The U.S. grocery industry, once dominated by a handful of big chains, has been struggling to keep up with new competition. Nearly 20 grocers have filed for bankruptcy in the past three years, as regional chains such as Wegmans and Trader Joe’s expand into new markets and delivery services such as FreshDirect gain popularity. The industry braced for a new threat Thursday, when German discount grocer Lidl opened its first 10 U.S. stores.
Under its deal with Amazon, Whole Foods, founded in 1980, would continue to operate under its existing brand. Mackey would remain chief executive after the purchase, and the company would keep its headquarters in Austin.
“This partnership presents an opportunity to maximize value for Whole Foods Market’s shareholders, while at the same time extending our mission and bringing the highest quality, experience, convenience and innovation to our customers,” Mackey said in a statement.
The deal is sure to put new pressure on Walmart, which has been aggressively expanding its online business in hopes of winning over consumers. The Bentonville, Ark.-based retailer announced Friday that it had agreed to buy online clothier Bonobos for $310 million, adding to its roster of recently acquired Internet companies, including Jet.com (purchased for $3.3 billion), ModCloth, Moosejaw and ShoeBuy.com.
The Whole Foods deal is scheduled to close in the second half of 2017, pending shareholder and regulatory approvals. Although President Trump has said that Amazon has a “huge antitrust problem,” legal experts said the merger of the two companies is not likely to raise red flags.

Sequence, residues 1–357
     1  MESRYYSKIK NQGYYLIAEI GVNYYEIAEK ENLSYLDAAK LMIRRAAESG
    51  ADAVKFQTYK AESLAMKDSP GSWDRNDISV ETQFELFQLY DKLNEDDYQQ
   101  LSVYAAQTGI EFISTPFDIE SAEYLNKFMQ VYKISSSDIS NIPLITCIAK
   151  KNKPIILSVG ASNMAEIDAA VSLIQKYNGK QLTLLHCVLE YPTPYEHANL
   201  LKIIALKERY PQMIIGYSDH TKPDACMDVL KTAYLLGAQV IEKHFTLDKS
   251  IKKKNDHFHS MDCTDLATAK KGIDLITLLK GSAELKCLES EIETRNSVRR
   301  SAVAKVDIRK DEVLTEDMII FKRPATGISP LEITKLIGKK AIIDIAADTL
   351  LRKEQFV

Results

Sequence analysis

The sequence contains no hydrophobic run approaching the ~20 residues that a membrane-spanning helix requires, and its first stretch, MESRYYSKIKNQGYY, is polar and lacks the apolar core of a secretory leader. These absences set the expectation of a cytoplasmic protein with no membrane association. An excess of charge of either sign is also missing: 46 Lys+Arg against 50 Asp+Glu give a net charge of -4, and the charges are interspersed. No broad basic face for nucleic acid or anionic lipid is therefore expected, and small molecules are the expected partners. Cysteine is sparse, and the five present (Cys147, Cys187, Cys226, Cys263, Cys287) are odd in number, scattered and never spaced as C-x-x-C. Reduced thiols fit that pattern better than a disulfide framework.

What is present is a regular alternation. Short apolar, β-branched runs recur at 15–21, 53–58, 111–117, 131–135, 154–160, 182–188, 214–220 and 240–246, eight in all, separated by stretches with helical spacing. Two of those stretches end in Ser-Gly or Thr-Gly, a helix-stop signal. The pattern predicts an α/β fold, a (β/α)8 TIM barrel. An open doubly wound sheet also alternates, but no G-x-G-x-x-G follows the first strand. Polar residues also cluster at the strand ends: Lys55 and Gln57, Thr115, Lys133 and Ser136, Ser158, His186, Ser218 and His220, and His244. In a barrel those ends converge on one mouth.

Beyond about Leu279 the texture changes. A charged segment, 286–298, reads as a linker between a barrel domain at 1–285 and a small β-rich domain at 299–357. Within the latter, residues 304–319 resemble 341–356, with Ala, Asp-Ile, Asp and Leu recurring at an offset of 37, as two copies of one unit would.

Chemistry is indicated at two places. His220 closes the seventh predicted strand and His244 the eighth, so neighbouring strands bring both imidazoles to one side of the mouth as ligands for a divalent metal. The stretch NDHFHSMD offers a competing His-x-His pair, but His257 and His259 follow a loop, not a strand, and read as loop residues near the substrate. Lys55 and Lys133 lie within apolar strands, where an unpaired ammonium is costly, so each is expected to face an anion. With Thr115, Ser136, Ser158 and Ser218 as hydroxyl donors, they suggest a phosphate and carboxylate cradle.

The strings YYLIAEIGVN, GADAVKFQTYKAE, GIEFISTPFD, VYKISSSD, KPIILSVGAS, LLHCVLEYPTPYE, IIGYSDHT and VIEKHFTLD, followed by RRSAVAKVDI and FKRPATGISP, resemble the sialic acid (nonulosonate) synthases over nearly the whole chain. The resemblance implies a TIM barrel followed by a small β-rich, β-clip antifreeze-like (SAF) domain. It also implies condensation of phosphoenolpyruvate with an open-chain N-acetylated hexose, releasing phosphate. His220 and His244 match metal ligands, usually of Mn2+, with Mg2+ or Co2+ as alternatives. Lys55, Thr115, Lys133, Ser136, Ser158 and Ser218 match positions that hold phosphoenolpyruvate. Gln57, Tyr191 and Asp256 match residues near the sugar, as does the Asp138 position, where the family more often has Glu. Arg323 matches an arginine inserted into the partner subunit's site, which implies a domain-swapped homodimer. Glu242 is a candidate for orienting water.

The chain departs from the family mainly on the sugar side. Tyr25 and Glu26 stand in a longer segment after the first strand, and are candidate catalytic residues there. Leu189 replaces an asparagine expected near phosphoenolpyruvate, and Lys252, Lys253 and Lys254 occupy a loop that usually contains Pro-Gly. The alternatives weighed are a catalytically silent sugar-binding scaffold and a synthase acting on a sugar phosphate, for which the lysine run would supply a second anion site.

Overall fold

“Generally speaking, there is very little overlap between Whole Foods and Amazon,” said Michael Carrier, a Rutgers Law School professor who specializes in antitrust issues. “They’re not really competitors. Add to that the fact that Whole Foods doesn’t have the dominant positioning it did even a few years ago, and that makes it even more likely for this deal to go through.”
The $42-a-share offer from Amazon is a 27 percent premium over Whole Foods Market’s closing stock price Thursday.
Amazon, which is sitting on $21.5 billion in cash, has long eschewed big takeovers. Among the company’s largest acquisitions are its 2009 purchase of online shoe retailer Zappos.com for roughly $1.2 billion and video game streaming site Twitch, which it bought in 2014 for about $1 billion.
“Whole Foods Market has been satisfying, delighting and nourishing customers for nearly four decades — they’re doing an amazing job and we want that to continue,” Bezos said in a statement.